First Capitol Rioter Convicted

The first person to be convicted for their role in the riot at the U.S. Capitol has been sentenced to eight months in prison.

Paul Hodgkins, pleaded guilty to one count of obstructing a joint session of Congress. Hodgkins spent 15 minutes inside the building and was carrying a giant Trump flag, something U.S. District Judge Randolph D. Moss noted.

"The symbolism of that act was unmistakable," Moss said. "He was staking a claim on the floor of the U.S. Senate not with an American flag, but declaring his loyalty to a single individual over the nation. In that act, he captured the threat to democracy that we all witnessed that day."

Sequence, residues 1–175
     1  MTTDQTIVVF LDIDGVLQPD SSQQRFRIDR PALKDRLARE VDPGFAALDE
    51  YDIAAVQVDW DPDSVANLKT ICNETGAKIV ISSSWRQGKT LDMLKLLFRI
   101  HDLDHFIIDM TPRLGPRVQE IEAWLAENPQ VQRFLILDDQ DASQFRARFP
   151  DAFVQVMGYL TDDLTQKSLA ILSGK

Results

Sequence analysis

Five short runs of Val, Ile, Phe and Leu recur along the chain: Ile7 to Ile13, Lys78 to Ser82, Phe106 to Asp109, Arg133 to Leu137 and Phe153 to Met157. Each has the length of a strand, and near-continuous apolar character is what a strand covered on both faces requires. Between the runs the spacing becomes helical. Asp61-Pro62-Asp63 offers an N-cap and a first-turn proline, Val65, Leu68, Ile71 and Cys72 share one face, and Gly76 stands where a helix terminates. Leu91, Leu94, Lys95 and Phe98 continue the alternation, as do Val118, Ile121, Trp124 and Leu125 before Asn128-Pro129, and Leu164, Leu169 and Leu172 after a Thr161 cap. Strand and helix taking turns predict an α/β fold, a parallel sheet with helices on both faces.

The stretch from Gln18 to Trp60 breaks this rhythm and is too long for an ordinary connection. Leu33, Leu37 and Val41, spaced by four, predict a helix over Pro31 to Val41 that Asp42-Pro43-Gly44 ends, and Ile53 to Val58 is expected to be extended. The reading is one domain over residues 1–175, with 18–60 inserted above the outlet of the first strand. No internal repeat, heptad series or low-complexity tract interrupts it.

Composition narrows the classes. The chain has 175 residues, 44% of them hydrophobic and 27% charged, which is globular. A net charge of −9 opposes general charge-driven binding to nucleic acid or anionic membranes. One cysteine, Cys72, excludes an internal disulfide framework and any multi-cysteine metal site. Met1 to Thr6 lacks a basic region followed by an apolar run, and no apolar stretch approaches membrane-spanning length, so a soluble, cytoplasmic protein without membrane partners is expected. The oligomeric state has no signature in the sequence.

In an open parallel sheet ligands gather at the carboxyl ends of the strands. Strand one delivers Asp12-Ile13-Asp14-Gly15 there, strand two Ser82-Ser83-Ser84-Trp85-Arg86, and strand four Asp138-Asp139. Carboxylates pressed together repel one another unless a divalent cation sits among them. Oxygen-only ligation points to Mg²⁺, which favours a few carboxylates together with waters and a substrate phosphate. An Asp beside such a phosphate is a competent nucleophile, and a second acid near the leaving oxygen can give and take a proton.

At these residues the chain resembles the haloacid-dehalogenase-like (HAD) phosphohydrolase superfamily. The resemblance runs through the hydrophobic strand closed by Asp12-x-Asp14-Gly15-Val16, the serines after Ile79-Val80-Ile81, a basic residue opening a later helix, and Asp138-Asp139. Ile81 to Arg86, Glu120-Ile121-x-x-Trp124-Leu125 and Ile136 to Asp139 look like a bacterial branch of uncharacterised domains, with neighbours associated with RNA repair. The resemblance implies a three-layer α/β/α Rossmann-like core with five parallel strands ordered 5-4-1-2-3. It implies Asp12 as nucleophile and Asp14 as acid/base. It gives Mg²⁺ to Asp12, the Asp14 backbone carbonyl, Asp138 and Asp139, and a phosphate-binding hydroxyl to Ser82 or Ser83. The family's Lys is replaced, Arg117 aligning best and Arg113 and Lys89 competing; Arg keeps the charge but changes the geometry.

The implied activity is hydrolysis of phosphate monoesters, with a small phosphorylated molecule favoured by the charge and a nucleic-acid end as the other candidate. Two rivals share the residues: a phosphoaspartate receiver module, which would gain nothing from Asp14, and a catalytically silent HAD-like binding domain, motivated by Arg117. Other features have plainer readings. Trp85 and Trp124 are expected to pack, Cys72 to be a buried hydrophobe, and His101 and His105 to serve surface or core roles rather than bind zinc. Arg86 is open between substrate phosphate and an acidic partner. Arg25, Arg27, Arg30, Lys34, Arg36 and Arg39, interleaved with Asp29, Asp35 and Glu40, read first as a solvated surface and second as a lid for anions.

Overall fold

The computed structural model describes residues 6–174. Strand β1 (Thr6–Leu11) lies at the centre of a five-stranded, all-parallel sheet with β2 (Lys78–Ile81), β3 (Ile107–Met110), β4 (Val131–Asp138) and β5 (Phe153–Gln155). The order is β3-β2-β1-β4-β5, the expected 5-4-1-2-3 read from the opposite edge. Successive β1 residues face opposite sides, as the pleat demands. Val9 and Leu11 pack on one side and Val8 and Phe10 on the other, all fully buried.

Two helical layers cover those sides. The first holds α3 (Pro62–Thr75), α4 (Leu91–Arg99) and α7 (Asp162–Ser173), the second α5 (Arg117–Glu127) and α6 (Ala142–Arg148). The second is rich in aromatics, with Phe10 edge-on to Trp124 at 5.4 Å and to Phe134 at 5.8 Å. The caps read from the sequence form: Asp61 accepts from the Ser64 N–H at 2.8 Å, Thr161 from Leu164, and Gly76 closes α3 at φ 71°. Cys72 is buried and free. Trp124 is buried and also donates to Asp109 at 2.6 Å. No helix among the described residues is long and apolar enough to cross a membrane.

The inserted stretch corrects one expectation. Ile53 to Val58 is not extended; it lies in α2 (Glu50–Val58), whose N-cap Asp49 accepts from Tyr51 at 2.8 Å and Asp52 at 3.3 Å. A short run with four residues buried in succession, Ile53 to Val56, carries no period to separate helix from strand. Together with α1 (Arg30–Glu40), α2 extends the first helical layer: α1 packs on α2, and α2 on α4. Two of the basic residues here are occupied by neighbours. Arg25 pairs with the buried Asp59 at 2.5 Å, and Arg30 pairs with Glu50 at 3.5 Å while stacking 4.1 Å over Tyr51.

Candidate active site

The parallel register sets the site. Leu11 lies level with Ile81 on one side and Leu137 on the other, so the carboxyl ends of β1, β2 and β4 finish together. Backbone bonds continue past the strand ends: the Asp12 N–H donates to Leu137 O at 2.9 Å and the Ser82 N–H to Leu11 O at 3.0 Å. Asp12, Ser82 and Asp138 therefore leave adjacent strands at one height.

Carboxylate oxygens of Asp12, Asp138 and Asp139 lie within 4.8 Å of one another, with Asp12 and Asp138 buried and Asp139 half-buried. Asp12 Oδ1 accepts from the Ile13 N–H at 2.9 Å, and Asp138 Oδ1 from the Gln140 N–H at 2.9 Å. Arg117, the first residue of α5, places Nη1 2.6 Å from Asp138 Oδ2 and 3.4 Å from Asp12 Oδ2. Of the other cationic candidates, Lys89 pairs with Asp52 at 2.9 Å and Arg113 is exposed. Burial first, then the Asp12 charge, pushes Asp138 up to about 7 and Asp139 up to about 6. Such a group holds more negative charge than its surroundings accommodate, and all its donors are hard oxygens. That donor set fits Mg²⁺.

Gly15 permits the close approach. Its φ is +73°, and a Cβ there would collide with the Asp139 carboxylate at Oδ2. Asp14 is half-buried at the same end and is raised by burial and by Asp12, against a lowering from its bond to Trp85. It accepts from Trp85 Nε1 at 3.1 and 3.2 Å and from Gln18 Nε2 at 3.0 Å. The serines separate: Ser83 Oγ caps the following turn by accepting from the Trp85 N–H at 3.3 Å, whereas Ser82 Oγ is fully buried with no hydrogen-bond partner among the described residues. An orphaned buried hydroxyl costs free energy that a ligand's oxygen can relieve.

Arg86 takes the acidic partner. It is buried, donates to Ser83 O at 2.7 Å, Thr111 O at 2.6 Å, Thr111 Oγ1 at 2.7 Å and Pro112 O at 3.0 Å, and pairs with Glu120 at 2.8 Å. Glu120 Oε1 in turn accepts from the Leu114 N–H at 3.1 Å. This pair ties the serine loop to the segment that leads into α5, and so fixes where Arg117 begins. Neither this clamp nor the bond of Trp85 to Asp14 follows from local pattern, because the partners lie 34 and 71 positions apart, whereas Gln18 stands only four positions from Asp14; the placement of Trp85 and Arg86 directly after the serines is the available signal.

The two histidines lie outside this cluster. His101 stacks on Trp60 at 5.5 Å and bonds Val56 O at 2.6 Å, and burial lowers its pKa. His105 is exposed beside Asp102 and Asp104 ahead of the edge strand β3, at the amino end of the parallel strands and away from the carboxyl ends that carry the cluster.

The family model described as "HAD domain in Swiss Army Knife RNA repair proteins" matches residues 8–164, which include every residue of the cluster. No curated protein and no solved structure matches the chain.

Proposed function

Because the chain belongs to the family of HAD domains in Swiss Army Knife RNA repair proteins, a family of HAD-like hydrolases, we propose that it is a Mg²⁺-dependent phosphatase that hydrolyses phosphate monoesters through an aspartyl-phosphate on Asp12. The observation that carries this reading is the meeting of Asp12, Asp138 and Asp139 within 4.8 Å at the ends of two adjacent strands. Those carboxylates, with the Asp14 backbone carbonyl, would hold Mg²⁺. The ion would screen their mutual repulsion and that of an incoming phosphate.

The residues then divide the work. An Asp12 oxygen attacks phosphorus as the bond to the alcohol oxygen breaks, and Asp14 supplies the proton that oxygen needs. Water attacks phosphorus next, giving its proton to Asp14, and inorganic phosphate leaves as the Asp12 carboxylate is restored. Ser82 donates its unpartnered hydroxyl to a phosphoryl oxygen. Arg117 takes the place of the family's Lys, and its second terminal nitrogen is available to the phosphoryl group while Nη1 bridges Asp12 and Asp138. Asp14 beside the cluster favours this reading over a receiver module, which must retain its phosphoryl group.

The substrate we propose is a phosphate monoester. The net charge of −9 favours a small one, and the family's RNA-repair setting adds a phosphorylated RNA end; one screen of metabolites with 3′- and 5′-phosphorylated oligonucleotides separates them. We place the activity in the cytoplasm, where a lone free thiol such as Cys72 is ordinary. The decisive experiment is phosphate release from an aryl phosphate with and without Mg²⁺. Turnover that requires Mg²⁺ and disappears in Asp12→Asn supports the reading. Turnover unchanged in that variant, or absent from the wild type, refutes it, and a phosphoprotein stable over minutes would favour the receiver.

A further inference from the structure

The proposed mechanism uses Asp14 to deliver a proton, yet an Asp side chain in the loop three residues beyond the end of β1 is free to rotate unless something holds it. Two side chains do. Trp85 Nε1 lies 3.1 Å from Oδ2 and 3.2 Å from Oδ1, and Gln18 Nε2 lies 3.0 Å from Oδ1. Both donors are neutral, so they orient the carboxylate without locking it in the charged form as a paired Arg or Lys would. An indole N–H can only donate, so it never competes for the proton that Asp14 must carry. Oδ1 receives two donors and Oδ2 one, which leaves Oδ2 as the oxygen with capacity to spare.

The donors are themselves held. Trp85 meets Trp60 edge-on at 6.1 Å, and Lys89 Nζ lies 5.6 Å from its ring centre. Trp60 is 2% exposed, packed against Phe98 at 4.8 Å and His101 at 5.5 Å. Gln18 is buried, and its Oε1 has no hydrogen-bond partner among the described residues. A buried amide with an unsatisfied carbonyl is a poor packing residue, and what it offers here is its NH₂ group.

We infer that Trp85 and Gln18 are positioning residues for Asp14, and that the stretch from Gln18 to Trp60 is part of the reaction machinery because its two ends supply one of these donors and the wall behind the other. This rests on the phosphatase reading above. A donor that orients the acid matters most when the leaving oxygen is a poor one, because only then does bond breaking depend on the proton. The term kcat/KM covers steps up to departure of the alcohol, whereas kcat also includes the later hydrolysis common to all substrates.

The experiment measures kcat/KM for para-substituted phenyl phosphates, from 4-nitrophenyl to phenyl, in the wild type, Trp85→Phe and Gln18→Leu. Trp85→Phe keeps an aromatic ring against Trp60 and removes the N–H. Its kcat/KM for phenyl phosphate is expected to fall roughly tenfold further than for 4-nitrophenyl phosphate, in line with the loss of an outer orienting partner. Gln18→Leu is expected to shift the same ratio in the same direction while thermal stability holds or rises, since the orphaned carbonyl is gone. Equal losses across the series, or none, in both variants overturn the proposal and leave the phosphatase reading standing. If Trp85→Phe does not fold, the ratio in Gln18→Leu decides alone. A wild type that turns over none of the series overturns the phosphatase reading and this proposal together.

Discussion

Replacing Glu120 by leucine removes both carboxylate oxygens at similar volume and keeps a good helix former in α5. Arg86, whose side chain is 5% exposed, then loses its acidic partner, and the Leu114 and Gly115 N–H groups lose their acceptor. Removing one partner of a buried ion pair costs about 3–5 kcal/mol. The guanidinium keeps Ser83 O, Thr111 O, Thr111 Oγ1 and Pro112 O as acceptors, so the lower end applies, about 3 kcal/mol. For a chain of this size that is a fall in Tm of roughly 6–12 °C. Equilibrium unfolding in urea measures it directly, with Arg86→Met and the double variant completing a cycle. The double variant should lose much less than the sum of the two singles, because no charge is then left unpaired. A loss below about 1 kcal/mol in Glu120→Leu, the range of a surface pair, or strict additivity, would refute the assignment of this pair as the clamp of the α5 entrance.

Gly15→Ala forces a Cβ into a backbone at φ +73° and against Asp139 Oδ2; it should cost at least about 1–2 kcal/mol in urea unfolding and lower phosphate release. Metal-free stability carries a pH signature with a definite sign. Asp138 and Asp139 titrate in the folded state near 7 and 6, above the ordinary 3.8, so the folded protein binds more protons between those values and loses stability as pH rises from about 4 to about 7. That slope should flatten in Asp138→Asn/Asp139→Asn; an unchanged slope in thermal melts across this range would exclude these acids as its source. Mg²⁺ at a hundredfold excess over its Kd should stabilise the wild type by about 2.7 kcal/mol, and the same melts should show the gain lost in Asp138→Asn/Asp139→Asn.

Hodgkins apologized for his actions and said he got swept up in the moment. Judge Moss said that Hodgkins knew what he was doing when he joined the riot.

"Although Mr. Hodgkins was only one member of a larger mob, he actively and intentionally participated in an event that threatened not only the security of the Capitol but democracy itself," Moss said. "That is chilling for many reasons.

At least 535 people have been charged for their roles in the riots. While Hodgkins was the first person convicted of a felony, two people convicted of misdemeanors have already been sentenced.

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